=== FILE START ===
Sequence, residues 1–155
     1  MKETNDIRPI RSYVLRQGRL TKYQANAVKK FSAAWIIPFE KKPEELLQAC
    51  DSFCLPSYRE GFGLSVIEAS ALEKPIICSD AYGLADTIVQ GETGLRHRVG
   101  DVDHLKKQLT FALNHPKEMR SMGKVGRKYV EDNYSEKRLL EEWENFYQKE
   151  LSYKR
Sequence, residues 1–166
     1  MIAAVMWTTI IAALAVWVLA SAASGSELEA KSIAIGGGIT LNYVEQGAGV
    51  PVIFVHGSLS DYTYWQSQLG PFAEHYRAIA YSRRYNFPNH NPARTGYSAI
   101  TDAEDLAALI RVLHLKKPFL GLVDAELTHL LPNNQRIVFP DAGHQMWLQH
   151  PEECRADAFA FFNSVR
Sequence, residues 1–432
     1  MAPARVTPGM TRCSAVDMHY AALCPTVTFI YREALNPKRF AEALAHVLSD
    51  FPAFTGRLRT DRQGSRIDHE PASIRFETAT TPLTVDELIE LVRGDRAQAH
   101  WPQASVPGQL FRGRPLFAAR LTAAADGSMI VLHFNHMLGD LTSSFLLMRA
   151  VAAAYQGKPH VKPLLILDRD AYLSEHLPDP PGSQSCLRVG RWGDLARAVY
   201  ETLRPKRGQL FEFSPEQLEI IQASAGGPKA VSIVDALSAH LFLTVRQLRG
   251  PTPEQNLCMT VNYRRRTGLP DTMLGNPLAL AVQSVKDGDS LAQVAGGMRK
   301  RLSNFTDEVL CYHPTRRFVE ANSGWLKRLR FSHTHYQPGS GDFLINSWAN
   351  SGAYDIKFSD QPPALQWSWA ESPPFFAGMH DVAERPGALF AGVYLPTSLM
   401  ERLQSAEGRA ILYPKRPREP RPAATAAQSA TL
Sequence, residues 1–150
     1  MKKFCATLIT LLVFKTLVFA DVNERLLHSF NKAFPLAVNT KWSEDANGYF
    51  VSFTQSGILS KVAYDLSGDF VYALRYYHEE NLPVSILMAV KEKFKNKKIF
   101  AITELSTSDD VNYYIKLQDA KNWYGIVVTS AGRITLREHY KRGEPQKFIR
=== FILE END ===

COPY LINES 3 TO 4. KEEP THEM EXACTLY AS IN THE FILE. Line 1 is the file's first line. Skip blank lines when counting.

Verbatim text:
    51  DSFCLPSYRE GFGLSVIEAS ALEKPIICSD AYGLADTIVQ GETGLRHRVG
   101  DVDHLKKQLT FALNHPKEMR SMGKVGRKYV EDNYSEKRLL EEWENFYQKE